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A business school course that can be completed on an iPad has been created through a partnership between some of the UK’s leading universities and the government’s Tech City agency.
The Digital Business Academy, a joint venture by Cambridge university’s Judge Business School, UCL, Tech City and start-up course designer Founder Centric, aims to persuade those that have shunned formal education in favour of entrepreneurship to obtain some formal business training. The academy says this could give their start-ups a better chance of becoming the next Facebook or Google.
The involvement of UCL and Judge, two of the world’s top academic institutions, reflects the desire in business education circles to engage with a new generation of company founders for whom qualifications such as a masters in management or an MBA are seen as an expensive drain on their time.
Stephen Caddick, UCL’s vice-provost for enterprise and London, said: “We are committed to helping as many people as possible to acquire skills in business, digital technologies and entrepreneurship so that they can start and grow the companies that will create jobs and drive the UK economy.”
The teaching material, which ranges from how to develop an idea to marketing and financing a venture, is offered for free to registered users and each module is expected to take three to six weeks to finish.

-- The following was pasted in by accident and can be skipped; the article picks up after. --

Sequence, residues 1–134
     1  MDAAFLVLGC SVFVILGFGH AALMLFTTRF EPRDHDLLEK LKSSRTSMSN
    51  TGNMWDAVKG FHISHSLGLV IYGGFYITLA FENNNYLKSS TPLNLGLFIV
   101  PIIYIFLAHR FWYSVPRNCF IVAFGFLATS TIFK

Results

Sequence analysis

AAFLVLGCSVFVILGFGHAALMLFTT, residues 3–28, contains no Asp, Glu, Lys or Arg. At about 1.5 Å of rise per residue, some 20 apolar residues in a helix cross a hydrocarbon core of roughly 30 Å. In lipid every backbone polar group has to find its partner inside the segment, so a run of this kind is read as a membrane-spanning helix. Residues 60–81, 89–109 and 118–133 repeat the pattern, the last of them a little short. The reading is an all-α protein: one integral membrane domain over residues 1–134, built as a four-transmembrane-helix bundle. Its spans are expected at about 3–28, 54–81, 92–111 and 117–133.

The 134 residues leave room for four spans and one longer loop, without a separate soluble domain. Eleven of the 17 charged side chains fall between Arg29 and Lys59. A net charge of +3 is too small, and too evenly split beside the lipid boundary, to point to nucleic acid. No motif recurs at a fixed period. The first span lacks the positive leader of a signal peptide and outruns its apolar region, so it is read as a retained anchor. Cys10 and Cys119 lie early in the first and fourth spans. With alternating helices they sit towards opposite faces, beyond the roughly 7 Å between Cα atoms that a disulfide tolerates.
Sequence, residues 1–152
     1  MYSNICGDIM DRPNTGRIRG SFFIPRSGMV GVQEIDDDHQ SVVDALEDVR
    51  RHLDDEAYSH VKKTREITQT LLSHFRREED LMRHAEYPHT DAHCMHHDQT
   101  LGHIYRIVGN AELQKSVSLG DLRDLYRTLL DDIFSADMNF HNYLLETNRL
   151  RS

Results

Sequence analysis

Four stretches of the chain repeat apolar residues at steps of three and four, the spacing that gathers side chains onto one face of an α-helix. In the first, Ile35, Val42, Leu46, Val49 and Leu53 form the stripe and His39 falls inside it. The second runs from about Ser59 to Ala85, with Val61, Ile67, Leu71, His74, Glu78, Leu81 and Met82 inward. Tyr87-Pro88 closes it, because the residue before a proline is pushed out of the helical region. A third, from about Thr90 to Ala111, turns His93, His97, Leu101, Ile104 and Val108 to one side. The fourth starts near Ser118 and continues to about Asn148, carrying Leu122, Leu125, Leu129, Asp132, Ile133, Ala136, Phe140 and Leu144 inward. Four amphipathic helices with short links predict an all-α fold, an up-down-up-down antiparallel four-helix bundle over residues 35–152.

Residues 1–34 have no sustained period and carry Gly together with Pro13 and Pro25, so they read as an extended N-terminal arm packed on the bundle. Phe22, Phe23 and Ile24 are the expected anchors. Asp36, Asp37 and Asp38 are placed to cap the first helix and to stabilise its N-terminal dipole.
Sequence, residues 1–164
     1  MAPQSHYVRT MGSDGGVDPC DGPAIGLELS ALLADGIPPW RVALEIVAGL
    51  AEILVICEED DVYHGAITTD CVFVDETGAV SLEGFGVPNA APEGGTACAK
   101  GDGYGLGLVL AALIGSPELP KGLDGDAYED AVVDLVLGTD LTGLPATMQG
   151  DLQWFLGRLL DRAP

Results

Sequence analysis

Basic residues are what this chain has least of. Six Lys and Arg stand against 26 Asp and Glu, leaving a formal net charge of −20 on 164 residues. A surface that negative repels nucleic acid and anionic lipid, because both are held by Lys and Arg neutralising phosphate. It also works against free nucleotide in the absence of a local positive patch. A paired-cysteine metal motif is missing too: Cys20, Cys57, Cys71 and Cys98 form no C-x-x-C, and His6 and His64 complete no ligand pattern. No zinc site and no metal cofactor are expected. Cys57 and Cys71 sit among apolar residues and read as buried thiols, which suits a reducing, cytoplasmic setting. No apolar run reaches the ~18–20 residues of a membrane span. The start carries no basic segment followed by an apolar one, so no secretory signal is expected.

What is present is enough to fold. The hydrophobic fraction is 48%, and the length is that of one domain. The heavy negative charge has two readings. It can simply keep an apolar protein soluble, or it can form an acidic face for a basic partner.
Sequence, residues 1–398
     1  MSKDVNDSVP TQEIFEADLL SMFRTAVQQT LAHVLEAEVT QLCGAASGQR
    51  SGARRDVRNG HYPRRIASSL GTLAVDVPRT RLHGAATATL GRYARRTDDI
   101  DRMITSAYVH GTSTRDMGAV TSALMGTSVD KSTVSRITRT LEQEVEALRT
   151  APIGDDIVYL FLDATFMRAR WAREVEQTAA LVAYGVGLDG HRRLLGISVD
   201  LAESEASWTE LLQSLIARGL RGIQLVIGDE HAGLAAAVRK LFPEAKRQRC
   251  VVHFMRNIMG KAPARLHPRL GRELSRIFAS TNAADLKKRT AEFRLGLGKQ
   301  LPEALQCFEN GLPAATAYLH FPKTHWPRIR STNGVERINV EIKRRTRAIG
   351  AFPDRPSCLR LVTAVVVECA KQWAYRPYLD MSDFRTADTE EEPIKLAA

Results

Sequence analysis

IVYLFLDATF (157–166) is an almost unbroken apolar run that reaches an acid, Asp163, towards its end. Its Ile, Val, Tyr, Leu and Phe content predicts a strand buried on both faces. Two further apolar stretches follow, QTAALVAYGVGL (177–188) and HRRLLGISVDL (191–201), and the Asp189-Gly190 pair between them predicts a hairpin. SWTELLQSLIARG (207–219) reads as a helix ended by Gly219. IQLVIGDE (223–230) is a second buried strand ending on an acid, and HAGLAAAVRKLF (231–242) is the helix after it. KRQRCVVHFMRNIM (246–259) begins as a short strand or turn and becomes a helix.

Completion of the entire course does not result in a formal qualification, but successful students are offered rewards, such as free office space and mentoring support, provided by more than 30 industry partners, including the BBC, Twitter, O2, Unruly and Microsoft Ventures.
The method of teaching the course uses, with lectures delivered via video and coursework completed online, is known in education circles as a massive open online course, or Mooc.
Creation of such courses is a growth industry among business schools and universities, seeing the potential to reach a much greater audience than those who come to study on a campus.
Moocs are also seen as a more relevant style of teaching in a world where ambitious executives increasingly aspire to work in start-ups instead of climbing the career ladder in a multinational corporation. Such people tend to see an MBA, the bedrock of business school teaching, as irrelevant or too time consuming for their needs.
Tech City, an agency within the Department for Business charged with nurturing the UK’s start-up clusters, wants to improve the commercial nous of the most promising digital entrepreneurs so that their ventures achieve the rapid growth that drives job creation and productivity gains.
According to Joanna Shields, Tech City’s chair and the prime minister’s digital adviser, it is not enough to encourage start-ups if their founders lack the leadership skills to expand the business.
The course is not just aimed at founders but those looking to work in digital start-ups, Ms Shields added, claiming that the UK will need 745,000 additional workers with digital skills to meet the rising demand from employers between 2013 and 2017.
More than 1,000 people have already signed up to the Digital Business Academy’s teaching platform during the six-week pre-registration “beta” phase, according to Ms Shields.
“Whether you are a mother returning to the workplace or a new graduate full of ideas, securing top-notch digital and technical skills is essential,” she said.
“I love this democratisation of access to education. To me it is what the internet is all about.”
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